Oddly, Americans often comported themselves with greater honor — with greater grace — during an episode of actual treason: “Treason against the United States shall consist only in levying war against them, or in adhering to their enemies, giving them aid and comfort,” as the Constitution puts it, and General John Brown Gordon, as a Confederate officer, levied war against the United States with some enthusiasm. (“John Brown” must have been an awkward name for a Confederate general to bear.) To General Gordon fell the duty of leading the Army of Northern Virginia’s surrender at Appomattox Court House. The victorious Union general, Joshua Chamberlain, made a famous gesture at that most delicate of moments, having his troops salute Gordon and his defeated men. As Gordon told the story: “One of the knightliest soldiers of the federal army, General Joshua L. Chamberlain of Maine, called his troops into line, and as my men marched in front of them, the veterans in blue gave a soldierly salute to those vanquished heroes — a token of respect from Americans to Americans.” Chamberlain, who had been a professor of rhetoric at Bowdoin, told the story with some literary flair: “Gordon at the head of the column, riding with heavy spirit and downcast face, catches the sound of shifting arms, looks up, and, taking the meaning, wheels superbly, making with himself and his horse one uplifted figure, with profound salutation as he drops the point of his sword to the boot toe; then facing to his own command, gives word for his successive brigades to pass us with the same position of the manual — honor answering honor.”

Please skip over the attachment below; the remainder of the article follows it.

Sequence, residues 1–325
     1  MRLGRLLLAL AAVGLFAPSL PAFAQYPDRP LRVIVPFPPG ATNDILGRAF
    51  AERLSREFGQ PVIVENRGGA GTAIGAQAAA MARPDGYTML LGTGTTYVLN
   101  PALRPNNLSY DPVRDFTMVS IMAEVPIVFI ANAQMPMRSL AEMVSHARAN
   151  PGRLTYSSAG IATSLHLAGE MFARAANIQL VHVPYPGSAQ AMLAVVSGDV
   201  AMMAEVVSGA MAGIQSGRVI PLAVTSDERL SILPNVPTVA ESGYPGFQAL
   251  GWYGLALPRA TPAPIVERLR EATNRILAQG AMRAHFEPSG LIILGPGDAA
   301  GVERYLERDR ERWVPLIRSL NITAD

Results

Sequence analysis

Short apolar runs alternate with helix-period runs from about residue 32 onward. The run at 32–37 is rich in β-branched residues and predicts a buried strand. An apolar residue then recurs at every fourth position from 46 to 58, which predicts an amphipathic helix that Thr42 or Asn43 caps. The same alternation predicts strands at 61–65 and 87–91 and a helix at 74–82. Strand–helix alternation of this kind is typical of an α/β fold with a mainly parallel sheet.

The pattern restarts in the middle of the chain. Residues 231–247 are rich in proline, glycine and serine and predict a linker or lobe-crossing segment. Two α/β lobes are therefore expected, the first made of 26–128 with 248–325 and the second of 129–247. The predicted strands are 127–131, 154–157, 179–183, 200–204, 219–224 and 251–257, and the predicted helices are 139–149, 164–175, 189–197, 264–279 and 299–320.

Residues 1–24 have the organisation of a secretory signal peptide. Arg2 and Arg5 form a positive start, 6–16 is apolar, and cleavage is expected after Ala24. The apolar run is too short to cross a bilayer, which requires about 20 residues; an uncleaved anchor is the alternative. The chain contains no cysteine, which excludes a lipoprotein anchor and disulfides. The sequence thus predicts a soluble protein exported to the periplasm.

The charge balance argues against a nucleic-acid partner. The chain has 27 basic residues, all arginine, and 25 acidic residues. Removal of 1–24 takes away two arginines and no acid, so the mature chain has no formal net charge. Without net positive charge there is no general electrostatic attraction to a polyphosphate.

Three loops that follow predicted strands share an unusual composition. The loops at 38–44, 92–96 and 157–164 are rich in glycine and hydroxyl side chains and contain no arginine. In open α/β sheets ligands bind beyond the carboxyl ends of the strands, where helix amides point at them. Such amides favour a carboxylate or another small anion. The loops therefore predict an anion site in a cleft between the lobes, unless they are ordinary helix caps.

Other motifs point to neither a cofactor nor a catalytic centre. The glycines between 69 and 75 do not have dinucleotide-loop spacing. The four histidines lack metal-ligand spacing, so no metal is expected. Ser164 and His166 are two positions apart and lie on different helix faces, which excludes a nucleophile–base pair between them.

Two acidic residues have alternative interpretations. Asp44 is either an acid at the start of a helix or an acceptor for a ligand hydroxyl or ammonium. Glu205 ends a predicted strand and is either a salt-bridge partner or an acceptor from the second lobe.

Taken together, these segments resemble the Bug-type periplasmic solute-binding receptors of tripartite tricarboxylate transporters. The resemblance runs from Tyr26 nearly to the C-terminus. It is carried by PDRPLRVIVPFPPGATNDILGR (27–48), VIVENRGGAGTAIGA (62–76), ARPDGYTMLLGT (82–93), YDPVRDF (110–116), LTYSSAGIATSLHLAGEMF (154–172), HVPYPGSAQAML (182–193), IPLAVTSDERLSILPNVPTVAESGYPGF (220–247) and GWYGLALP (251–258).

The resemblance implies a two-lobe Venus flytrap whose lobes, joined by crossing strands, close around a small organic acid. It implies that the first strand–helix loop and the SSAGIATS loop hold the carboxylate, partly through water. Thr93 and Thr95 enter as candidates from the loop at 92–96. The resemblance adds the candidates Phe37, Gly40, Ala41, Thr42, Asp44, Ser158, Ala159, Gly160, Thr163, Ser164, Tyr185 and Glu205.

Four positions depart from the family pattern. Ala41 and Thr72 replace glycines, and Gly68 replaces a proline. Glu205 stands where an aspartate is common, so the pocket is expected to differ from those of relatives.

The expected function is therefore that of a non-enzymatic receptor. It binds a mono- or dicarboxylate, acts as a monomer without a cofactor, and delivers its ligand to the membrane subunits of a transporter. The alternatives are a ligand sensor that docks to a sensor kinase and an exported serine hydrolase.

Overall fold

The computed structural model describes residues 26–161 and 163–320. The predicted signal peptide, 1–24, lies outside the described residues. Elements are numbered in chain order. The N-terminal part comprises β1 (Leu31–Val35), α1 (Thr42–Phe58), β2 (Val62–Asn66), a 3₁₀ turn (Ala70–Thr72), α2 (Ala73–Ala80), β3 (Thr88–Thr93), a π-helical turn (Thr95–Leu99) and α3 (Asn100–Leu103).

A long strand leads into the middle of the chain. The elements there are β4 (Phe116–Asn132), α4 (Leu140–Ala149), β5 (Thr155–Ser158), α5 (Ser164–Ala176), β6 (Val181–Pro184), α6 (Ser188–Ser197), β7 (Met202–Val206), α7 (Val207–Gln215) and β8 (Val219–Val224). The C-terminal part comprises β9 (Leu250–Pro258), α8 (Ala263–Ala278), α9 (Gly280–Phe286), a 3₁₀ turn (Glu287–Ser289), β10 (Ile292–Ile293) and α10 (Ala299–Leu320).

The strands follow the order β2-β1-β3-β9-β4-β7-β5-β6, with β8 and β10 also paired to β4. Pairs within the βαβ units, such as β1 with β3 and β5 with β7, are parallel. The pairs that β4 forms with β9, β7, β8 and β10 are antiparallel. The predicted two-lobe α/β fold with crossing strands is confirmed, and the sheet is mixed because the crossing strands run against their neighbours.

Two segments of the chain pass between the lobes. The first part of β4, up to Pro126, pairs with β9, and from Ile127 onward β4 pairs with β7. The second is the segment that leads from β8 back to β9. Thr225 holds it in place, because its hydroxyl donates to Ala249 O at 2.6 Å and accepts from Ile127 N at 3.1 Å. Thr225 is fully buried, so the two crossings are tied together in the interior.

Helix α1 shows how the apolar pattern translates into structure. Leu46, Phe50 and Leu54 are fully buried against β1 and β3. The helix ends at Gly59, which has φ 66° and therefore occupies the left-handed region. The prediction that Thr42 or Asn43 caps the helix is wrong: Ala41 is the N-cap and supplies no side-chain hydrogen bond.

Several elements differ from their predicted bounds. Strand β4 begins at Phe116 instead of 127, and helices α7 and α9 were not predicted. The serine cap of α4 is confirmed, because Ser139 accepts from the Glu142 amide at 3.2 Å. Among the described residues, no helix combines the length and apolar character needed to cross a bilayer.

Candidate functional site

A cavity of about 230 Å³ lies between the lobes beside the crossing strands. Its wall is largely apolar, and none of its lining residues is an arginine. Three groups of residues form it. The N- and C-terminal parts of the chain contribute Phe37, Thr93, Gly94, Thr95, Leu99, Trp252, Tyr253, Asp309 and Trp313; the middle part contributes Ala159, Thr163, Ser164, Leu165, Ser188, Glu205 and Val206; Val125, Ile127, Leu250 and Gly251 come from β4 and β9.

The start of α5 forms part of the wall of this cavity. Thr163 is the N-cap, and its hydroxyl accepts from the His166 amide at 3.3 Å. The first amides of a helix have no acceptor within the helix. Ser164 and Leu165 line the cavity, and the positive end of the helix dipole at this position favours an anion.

At that moment, with battles still being fought and blood being shed around the divided nation — in a war in which 620,000 Americans would die — we began to honor Abraham Lincoln’s imperative: “We are not enemies, but friends. We must not be enemies.”